Rubbish on A12 and A14 creates poor impression of Suffolk


06:00 16 May 2022

Litter piling up along major roads could give visitors the impression that Suffolk is a “dirty county”, fear tourism chiefs and litter campaigners.

With the vital summer tourist season fast approaching, there are fears the unsightly mess could have an economic impact on businesses that rely on the holiday trade, especially if people are put off.

The shoulders along the A14 and A12 are littered with discarded rubbish, adding to a long-standing problem with motorists choosing to dump their food and drink cartons and other rubbish on the edge of the road. road.

A litter campaigner, tourism body and district councils are calling on all people to take more responsibility for their mess.

Jason Alexander, founder of social enterprise Rubbish Walks, said: “It’s a problem that’s been around for a long time, but because it’s been around for a long time, it’s being added every day.”

He said litter pickers find it ‘frustrating’ to tidy up an area and then find more litter has been dumped after cleaning, adding that a lot of work is being done by the Rubbish Walks and conservation organizations to try to educate the public on the importance of not littering.

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– Credit: Jason Alexander/Rubbish Walks CI

“I think wherever you go. The more litter you see, the more it makes the area look unmaintained,” he said.

“It’s obviously a big problem and as litter builds up along the highways you can’t help but notice it and I think it will have a negative effect on people visiting the area because, while travel to Suffolk, there is already a preconceived idea that this area is untended.

“So when they get to their destination, they come in feeling like it’s a dirty country.”

Annie Willey, brand manager of tourist guide The Suffolk Coast, echoed Mr Alexander’s concerns.

She said: “First impressions count and of course any litter of any kind creates a negative impact on tourism.”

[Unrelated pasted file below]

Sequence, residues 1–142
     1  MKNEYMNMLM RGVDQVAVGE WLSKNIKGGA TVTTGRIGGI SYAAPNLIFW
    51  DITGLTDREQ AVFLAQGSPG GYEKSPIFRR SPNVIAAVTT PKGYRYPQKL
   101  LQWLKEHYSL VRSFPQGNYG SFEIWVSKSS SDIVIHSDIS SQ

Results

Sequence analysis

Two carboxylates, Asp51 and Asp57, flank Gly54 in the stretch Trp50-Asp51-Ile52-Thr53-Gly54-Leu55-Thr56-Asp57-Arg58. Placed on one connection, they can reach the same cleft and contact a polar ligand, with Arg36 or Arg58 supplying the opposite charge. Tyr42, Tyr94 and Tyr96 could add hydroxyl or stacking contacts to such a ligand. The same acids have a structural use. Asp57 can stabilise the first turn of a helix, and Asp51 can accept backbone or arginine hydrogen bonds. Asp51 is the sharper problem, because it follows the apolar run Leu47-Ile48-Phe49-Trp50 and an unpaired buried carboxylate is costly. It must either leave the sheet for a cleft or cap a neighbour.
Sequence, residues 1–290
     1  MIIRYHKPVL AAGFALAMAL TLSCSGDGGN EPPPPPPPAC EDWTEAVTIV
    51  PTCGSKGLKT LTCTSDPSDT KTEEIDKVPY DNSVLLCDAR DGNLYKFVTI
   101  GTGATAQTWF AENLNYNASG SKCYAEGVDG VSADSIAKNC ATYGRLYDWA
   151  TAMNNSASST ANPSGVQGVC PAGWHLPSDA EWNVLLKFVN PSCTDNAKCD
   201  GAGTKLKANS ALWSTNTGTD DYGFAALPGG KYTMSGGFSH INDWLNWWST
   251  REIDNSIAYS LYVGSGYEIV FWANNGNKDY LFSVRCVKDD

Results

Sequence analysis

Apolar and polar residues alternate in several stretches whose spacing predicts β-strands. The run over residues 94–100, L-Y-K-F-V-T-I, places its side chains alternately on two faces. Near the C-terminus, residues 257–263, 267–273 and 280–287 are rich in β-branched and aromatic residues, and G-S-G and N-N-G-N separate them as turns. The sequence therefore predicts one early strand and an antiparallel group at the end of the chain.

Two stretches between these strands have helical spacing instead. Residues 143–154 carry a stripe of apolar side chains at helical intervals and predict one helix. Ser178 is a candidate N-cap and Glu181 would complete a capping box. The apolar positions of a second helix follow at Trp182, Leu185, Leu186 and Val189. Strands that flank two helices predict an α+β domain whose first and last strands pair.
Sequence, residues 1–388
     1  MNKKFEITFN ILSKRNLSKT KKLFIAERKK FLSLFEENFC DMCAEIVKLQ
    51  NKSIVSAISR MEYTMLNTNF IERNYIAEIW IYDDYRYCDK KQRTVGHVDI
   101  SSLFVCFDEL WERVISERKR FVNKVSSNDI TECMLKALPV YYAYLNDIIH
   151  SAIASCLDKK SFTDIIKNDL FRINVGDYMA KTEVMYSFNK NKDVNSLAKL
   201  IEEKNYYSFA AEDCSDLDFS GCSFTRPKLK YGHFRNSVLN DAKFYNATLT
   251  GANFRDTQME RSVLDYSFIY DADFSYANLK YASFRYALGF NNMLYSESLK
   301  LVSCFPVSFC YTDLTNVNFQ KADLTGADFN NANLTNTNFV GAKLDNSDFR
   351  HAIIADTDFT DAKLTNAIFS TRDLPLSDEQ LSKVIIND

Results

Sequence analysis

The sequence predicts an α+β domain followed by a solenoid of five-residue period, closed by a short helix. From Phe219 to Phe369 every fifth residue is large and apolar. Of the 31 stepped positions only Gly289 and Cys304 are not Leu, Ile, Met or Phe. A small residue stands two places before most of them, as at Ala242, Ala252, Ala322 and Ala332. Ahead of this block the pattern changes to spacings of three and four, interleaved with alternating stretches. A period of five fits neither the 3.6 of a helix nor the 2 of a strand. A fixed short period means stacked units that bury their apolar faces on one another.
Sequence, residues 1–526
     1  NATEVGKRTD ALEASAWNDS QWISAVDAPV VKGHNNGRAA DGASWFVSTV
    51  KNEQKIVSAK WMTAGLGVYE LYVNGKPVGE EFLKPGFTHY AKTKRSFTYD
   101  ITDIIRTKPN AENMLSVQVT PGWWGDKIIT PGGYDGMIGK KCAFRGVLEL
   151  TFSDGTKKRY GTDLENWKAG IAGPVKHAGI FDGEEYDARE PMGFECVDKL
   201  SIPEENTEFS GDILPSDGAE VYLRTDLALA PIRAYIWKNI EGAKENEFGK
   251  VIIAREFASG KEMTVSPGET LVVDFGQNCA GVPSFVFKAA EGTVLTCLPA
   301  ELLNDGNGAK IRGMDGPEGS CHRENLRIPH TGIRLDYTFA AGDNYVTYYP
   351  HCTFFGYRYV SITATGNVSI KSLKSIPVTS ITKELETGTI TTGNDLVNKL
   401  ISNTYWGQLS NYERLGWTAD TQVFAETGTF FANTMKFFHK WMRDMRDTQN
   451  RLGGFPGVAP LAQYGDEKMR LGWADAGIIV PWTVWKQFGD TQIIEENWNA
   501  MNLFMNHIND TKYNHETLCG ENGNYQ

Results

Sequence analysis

Although local authorities and littering groups dispose of the litter, the ultimate responsibility lies with the individual not to dispose of the litter in the first place, she added.

“I think it’s really important to say that people need to stop letting him down in the first place. This is something people need to address. They need to stop being so selfish,” Ms Willey said.

District and borough councils are responsible for cleaning up waste along with other agencies, and they agree that waste is not only unsightly and dangerous, it also gives visitors and investors a bad impression.

They say littering is a criminal offense and anyone who drops rubbish – including from a vehicle – is committing a crime and can be fined up to £2,500.

A spokesperson said: “Anyone who sees a crime being committed should report it as soon as they are sure to do so, including the date and time, location, what was littered and any license plate number of the vehicle and we will investigate and prosecute wherever we are able.

“Any dash cam footage they might have can also help. Gathering the evidence needed to prove there is trash is difficult, especially by a standard to secure a conviction.

“Cleaning up trash from major thoroughfares in the county requires close cooperation from multiple agencies.

“This includes neighboring district authorities, Highways England and Suffolk Highways and we are working together where possible to reduce cost to the taxpayer and inconvenience to motorists due to any necessary traffic management.”

“Special teams are put in place, but it is very dangerous work and can only be done at certain times. This means that cleaning the shoulders of major roads can sometimes take longer than the street cleaning programs in our cities and towns, but we are not prepared to put our teams at risk.

James Suckling, National Highways Service Delivery Manager, said: “Millions of people travel on our network every day and despite our best efforts to keep the roads clean, they can quickly become littered with litter from vehicles and debris. unsecured loads.

He added that the authority was working with local authorities to solve the waste problem.

“Litter on our roads can pose a hazard to drivers, our workers and wildlife. If people didn’t drop trash from their vehicles in the first place, it wouldn’t need to be picked up. We urge people to think twice before throwing it out of their car window and bringing it home,” Mr Suckling said.


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